Raglan Mine preparing for ‘longer conflict’ as strike nears 3-month mark

Site contractors and other non-unionized employees taking on some production and site maintenance

Raglan Mine’s unionized employees have been away from the site for nearly three months since voting to strike on May 27. (File photo)

By Jeff Pelletier - Local Journalism Initiative Reporter

Raglan Mine is preparing for an ongoing strike at the mine to last a long time.

Work at the nickel mine, located in Nunavik, came to a halt May 27 after 630 members of the United Steelworkers union voted to strike. The union and Glencore Group, the mine’s parent company, had been trying to negotiate a new collective agreement since the end of March.

Next week the strike will enter the three-month mark.

Raglan Mine is now getting ready for winter with a lower level of production due to the absence of unionized staff, said mine spokesperson Amélie Rouleau.

“We are preparing the site and our teams for a longer conflict,” she said.

Work is underway to get the concentrator, which begins the raw nickel refining process, running at about 25 per cent of what would be its usual operation.

With that going, the mine can continue shipping products from the raw material it has available.

Raglan Mine is located in the northeast region of the Ungava Peninsula. It is the largest employer in Nunavik, with close to 1,200 workers who rotate in and out of the mine throughout the year.

Throughout the summer, talks involving a mediator have reopened and broken down. The mediator continues to be involved in negotiations.

On July 10, Glencore presented an offer to the union. Ten days later, 76.7 per cent of members voted to reject it.

In the meantime, Raglan Mine site contractors and other non-unionized employees are taking on some of the production and site maintenance work.

“It’s obviously way slower than normal, but it’s still moving, that’s the good news,” Rouleau said.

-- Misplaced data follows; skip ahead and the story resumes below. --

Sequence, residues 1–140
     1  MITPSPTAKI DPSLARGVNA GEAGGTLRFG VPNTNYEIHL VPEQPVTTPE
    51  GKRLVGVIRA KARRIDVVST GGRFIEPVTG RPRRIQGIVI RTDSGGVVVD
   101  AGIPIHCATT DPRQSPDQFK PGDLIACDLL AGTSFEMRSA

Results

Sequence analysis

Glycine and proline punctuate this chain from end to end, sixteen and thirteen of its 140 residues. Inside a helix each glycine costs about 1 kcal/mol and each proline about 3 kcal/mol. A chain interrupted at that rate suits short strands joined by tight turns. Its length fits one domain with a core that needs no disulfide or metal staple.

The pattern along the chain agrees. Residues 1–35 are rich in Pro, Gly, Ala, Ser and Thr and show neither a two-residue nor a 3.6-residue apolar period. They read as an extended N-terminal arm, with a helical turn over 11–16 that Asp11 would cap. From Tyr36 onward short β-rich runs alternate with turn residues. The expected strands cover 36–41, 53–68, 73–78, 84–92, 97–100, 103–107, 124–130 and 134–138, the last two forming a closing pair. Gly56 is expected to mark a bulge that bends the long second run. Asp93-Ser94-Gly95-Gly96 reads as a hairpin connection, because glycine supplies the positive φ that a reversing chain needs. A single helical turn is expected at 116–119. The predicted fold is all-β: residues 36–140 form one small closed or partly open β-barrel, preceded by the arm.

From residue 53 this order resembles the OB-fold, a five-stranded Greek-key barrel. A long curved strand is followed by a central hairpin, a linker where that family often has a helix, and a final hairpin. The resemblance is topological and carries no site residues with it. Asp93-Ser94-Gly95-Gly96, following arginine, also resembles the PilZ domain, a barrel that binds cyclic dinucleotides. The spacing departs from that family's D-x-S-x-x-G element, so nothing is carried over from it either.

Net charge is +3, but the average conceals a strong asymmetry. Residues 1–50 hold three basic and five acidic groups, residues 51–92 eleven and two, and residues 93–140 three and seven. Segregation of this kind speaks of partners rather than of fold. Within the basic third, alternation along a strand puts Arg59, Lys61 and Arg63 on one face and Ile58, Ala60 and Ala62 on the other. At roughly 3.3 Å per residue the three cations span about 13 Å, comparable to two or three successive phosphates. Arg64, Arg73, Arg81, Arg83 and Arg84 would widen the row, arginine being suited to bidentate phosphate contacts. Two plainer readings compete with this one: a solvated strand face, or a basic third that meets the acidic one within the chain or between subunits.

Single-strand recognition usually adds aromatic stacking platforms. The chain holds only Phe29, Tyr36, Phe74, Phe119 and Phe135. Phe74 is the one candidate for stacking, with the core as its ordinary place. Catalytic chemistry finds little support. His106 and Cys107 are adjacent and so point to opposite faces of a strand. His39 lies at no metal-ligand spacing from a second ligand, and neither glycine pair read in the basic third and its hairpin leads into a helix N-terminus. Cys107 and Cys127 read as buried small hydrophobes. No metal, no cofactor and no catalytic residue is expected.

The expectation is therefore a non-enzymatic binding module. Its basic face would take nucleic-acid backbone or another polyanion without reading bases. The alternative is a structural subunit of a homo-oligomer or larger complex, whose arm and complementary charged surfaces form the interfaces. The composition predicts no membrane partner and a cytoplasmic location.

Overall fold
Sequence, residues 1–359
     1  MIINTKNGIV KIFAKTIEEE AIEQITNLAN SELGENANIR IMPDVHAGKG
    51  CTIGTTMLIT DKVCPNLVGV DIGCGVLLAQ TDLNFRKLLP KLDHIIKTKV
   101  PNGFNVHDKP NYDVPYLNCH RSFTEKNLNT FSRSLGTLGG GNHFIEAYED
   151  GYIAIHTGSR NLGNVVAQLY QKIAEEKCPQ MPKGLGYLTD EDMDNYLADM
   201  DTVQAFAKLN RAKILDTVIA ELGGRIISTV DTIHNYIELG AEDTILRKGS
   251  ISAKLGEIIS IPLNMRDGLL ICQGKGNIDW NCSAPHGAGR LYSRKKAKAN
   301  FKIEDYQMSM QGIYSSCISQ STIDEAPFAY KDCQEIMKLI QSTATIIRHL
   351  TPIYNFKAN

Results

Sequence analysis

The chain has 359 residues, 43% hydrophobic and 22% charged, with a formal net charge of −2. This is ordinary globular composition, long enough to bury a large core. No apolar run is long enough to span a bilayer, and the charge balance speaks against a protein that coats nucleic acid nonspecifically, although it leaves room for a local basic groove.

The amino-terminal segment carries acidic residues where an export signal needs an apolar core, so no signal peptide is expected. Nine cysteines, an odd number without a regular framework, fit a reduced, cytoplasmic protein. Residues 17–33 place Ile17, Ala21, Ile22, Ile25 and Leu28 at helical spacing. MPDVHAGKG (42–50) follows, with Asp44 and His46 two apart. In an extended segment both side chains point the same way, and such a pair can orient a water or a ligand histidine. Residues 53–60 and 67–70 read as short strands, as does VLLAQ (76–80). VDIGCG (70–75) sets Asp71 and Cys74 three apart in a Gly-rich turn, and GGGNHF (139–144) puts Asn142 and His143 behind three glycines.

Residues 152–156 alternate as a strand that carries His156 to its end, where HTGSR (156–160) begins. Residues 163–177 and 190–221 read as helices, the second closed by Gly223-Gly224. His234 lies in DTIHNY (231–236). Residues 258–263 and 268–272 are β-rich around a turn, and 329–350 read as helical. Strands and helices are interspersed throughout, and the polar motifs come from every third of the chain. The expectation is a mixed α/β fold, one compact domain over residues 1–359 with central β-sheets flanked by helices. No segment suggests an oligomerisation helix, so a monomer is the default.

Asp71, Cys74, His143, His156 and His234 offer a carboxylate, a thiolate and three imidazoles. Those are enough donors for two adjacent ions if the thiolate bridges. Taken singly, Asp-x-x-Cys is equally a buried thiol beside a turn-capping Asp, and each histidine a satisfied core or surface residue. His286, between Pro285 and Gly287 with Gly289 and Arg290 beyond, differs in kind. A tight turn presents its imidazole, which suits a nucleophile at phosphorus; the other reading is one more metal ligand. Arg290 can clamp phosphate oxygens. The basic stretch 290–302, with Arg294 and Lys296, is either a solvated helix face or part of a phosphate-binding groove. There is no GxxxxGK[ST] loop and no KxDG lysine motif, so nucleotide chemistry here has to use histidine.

Union representative Cimon Guy, a member of its negotiating committee, said his side is not surprised that Raglan is getting ready for winter and an increase of operations without them.

“These big companies, they have contingency plans,” Guy said.

“We expected it, they’re doing their thing, and that’s totally normal.”

This month, Makivik Corp. will start sending 2022 Raglan Trust cheques to Nunavik beneficiaries. The money is contributed by the mine to Makivik.

The amount Makivik sends out through the trust cheques varies depending on profits at the mine.

According to Rouleau, the strike should not have an impact on this year’s cheques, but it might next year.

“It does have an impact for our host communities and that’s why we’ve been trying to minimize, as much as possible, the impact,” Rouleau said.

Despite negotiations seeming to be at a standstill after nearly three months, both sides still say they are hopeful about reaching a deal, and want to put this dispute behind them.

“I just hope we can get back to negotiating and we can settle this,” Guy said.

“People, at the end of the day, they just want to work. … It’s too bad this conflict is keeping back some honest workers who just want to get the job done.”

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(3) Comments:

  1. Posted by John W Paul Murphy on

    Never trust a union. “Yellowknife Mines – Lest we forget”

  2. Posted by Colin on

    Given that the economy is turning down in China, the US and Europe, it’s highly probable that the mine will close. Same thing for Baffinland. Inuit could have bought both the Raglan mine and Baffinland with land settlement money. Then they could have been in the driver’s seat. Then again, how many Inuit pilots, accountants and even counter staff does Canadian North/First Air employ some 30 plus years after Makkivik bought it?


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